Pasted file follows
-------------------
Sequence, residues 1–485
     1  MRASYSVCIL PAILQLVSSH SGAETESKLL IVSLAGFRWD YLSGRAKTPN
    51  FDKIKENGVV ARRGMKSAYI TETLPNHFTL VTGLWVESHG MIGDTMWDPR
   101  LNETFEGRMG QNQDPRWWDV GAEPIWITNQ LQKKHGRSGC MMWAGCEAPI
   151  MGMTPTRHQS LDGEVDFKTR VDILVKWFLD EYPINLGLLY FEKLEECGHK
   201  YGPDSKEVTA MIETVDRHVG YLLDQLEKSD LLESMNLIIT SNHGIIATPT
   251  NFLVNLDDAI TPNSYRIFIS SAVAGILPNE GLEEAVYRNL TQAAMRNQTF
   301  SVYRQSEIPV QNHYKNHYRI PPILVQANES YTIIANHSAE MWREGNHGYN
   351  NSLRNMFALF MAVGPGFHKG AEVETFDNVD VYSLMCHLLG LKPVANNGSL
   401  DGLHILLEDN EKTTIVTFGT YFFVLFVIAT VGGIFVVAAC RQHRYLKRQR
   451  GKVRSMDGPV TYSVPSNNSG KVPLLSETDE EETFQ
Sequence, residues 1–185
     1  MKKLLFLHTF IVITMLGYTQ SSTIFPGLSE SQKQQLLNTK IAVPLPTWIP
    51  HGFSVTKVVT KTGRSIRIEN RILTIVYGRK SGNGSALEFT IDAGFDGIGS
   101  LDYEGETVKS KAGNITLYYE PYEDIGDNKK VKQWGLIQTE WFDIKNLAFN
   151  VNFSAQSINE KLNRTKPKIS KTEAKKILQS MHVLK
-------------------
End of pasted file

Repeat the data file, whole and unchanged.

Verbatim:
Sequence, residues 1–485
     1  MRASYSVCIL PAILQLVSSH SGAETESKLL IVSLAGFRWD YLSGRAKTPN
    51  FDKIKENGVV ARRGMKSAYI TETLPNHFTL VTGLWVESHG MIGDTMWDPR
   101  LNETFEGRMG QNQDPRWWDV GAEPIWITNQ LQKKHGRSGC MMWAGCEAPI
   151  MGMTPTRHQS LDGEVDFKTR VDILVKWFLD EYPINLGLLY FEKLEECGHK
   201  YGPDSKEVTA MIETVDRHVG YLLDQLEKSD LLESMNLIIT SNHGIIATPT
   251  NFLVNLDDAI TPNSYRIFIS SAVAGILPNE GLEEAVYRNL TQAAMRNQTF
   301  SVYRQSEIPV QNHYKNHYRI PPILVQANES YTIIANHSAE MWREGNHGYN
   351  NSLRNMFALF MAVGPGFHKG AEVETFDNVD VYSLMCHLLG LKPVANNGSL
   401  DGLHILLEDN EKTTIVTFGT YFFVLFVIAT VGGIFVVAAC RQHRYLKRQR
   451  GKVRSMDGPV TYSVPSNNSG KVPLLSETDE EETFQ
Sequence, residues 1–185
     1  MKKLLFLHTF IVITMLGYTQ SSTIFPGLSE SQKQQLLNTK IAVPLPTWIP
    51  HGFSVTKVVT KTGRSIRIEN RILTIVYGRK SGNGSALEFT IDAGFDGIGS
   101  LDYEGETVKS KAGNITLYYE PYEDIGDNKK VKQWGLIQTE WFDIKNLAFN
   151  VNFSAQSINE KLNRTKPKIS KTEAKKILQS MHVLK